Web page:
On Wednesday, the Senate Rules Committee took a crucial step in acting to fix an almost 150-year-old statute that governs presidential elections to try to prevent a replay of the sort of attack on democracy we saw on Jan. 6, 2021. At the same time, there is still at least one major flaw in the bill—and it is imperative that it be revised to ensure that the democratic election of the president not be undermined in 2024.
During the Jan. 6 attack on the Capitol, the flaws in the Electoral Count Act of 1887 were exposed as Donald Trump sought to exploit them to overturn the free and fair election. The ECA’s ambiguous and archaic language left the door open to Trump and his lawyers Rudolph Giuliani and John Eastman to attempt in December 2020 to get state legislatures to rescind their certifications of President Joe Biden’s election, to send fake electoral slates to Congress, and to make the unlawful claim that Vice President Mike Pence could reject or delay on Jan. 6 the certification of Biden’s victory.
The Electoral Count Reform Act, introduced in the Senate on July 20, is the result of a monthslong negotiation among 16 senators from both sides of the aisle, admirably led by Republican Susan Collins of Maine and Democrat Joe Manchin of West Virginia.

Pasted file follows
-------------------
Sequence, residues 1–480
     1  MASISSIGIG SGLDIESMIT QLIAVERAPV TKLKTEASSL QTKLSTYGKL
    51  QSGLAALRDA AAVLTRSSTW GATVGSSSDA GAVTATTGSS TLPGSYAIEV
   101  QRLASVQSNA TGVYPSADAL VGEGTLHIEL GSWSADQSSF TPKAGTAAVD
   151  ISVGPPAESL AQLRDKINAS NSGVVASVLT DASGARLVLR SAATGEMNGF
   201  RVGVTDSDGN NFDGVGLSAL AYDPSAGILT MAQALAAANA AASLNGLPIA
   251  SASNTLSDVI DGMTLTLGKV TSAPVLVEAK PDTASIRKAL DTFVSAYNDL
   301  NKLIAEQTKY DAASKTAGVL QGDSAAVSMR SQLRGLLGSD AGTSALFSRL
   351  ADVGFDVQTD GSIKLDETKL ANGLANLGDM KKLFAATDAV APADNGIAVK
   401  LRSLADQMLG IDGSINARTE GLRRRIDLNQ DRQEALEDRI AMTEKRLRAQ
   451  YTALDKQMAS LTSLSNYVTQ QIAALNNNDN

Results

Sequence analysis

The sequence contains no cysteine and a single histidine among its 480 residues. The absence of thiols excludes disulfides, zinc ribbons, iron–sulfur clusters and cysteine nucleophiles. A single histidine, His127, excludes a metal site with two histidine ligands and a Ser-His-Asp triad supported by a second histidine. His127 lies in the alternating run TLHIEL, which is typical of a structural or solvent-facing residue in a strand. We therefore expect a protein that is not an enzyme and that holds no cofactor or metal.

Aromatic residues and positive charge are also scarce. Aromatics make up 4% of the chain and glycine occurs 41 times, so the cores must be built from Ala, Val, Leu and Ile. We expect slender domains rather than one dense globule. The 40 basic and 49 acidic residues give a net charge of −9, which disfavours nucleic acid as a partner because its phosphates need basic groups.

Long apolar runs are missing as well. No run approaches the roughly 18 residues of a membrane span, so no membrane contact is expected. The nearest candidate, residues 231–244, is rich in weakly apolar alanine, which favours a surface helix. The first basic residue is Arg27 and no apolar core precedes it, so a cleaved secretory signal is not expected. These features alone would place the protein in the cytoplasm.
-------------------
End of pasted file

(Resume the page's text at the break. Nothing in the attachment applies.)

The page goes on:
On Wednesday, the Senate Rules Committee, chaired by Sen. Amy Klobuchar of Minnesota, heard testimony about the Electoral Count Reform Act. The hearing was a model of bipartisan agreement. There was consensus that repairs to the ECA must be achieved now, before this Congress ends, so that new, agreed-upon election rules are in place for 2024.
Indeed, if anything, the bipartisan agreement and sense of urgency carried with them a rush to consensus that papered over a major hole left by the bill as drafted.
Sen. Angus King of Maine asked a question putting his finger on it, but the responses were unsatisfactory. King inquired about a fringe legal theory that the Supreme Court will be considering in a case to be argued this fall. King expressed concern about the“independent state legislature theory” that the reactionary court majority may adopt. He asked whether it might undercut what the ECRA seeks to achieve.